Former U.S. Senator from Alabama | Former U.S. Attorney General under President Trump | Republican 2020 Candidate for U.S. Senator from Alabama
President Trump may have fired Jeff Sessions as his attorney general in 2018, but these two giants of the Republican Party remain inextricably linked in 2020 as Trump runs for reelection and Sessions runs to get back his U.S. Senate seat from Alabama.
The firing of Sessions as United States attorney general resulted from his disagreement with Trump on the role that Sessions should have played in the Russia investigation. Sessions recused himself because of his involvement in Trump’s 2016 campaign, while the president believes his AG should have prevented the appointment of a special prosecutor.
Nevertheless, Sessions’s influence on Trump’s immigration policy remains, as the one-time AG was instrumental in the administration’s rescinding of DACA, reduction of asylum grantees, family separation policy, and expansion of ICE.
In many ways, Sessions’s 45 years in the public eye — as a federal prosecutor, Alabama attorney general, U.S. senator, and U.S. attorney general — has been defined by his deep skepticism of not just illegal immigration but immigration altogether. On several occasions he has stated that the country should admit far fewer immigrants and only those who serve “the national interests,” generally qualifying this in economic terms. While many Republicans talk in terms of “good” immigrants and “bad” immigrants, Sessions has taken a more narrow view, emphasizing that the burden of proof ought to be on immigrants to convince the courts that they deserve to stay in the U.S. “The American people have known for more than 30 years that our immigration system is broken,” he said in a speech on January 26, 2018. “It’s intentionally designed to be blind to merit. It doesn’t favor education or skills. It just favors anybody who has a relative in America — and not necessarily a close relative. That defies common sense. Employers don’t roll dice when deciding who they want to hire . . . A merit-based system would better serve our national interest because it would benefit the American people, which is what the Trump agenda is all about . . . That kind of system would be great for our economy, of course.”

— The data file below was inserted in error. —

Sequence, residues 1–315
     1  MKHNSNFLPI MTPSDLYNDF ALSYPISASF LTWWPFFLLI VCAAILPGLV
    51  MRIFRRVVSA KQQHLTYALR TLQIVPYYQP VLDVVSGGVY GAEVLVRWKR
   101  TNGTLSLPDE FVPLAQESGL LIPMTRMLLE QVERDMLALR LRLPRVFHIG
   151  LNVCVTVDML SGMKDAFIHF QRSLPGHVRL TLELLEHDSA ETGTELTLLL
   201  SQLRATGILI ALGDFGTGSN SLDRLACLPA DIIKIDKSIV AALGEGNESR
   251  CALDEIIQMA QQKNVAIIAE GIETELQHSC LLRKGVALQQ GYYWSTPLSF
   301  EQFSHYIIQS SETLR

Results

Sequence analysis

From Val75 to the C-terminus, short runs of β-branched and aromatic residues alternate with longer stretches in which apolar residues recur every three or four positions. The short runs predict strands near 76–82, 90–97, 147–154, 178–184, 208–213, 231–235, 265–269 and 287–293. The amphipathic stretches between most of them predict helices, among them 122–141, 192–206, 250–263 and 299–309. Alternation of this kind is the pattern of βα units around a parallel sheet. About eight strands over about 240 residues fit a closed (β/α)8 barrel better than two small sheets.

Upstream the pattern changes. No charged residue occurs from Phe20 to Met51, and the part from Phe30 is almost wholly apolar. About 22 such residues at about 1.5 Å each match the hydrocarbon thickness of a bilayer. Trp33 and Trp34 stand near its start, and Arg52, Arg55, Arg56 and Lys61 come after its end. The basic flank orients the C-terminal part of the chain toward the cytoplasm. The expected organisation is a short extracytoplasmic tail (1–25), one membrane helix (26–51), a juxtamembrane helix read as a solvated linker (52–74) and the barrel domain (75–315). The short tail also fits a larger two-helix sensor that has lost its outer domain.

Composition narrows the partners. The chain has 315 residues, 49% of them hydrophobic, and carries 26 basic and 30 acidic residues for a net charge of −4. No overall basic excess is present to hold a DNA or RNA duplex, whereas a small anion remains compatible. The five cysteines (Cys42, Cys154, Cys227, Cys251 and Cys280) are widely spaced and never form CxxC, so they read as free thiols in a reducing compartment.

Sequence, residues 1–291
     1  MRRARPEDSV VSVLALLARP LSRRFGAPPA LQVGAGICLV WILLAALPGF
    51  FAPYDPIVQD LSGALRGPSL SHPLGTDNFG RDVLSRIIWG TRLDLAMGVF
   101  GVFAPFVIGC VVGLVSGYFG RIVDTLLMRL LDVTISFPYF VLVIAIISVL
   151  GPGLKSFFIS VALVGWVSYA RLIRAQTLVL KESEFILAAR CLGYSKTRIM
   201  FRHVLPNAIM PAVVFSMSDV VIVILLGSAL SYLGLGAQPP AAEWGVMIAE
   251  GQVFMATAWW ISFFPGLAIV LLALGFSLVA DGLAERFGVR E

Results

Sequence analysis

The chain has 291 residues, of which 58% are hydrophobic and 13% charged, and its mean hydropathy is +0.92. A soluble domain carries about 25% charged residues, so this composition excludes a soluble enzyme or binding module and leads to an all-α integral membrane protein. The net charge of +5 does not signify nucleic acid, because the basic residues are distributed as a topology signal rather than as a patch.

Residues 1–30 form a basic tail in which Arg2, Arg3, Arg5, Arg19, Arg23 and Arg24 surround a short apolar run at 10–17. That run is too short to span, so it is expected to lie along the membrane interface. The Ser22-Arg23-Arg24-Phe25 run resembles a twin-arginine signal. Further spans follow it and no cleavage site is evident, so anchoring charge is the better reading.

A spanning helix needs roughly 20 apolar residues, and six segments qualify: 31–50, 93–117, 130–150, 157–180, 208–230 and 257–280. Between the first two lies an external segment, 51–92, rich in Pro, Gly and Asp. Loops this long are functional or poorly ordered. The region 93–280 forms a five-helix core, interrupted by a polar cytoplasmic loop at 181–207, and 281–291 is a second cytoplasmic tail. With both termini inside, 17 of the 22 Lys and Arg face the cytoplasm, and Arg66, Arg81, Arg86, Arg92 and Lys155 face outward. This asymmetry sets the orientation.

As senator from Alabama (1997–2017), Sessions often found himself leading a faction of his own party — often a small one — against bipartisan immigration reform efforts endorsed, or at least tolerated, by Republican leadership. In 2013, during the Senate’s most recent comprehensive immigration reform fight, Sessions took a lonely stand against the bipartisan “Gang of Eight” immigration bill in the Senate Judiciary Committee — and then led the bill’s opponents on the Senate floor when then-Minority Leader Mitch McConnell declined to steer his caucus one way or the other on the bill.
Sessions’s views on immigration have always been in alignment with President Trump’s, particularly when it comes to his belief that immigrants are more likely to commit crimes than the native-born population. He has often presented this belief with anecdotal narratives only, as there is a lack of clear statistical data to support the assertion.
Sessions called for a border wall long before President Trump made it the hallmark of his 2016 campaign, and he became one of the earliest high-profile supporters of Trump’s White House run. And though Sessions was unceremoniously dismissed from the Trump administration, Stephen Miller, his longtime communications director during his time in the Senate, remains one of Trump’s closest advisers on all matters pertaining to immigration policy.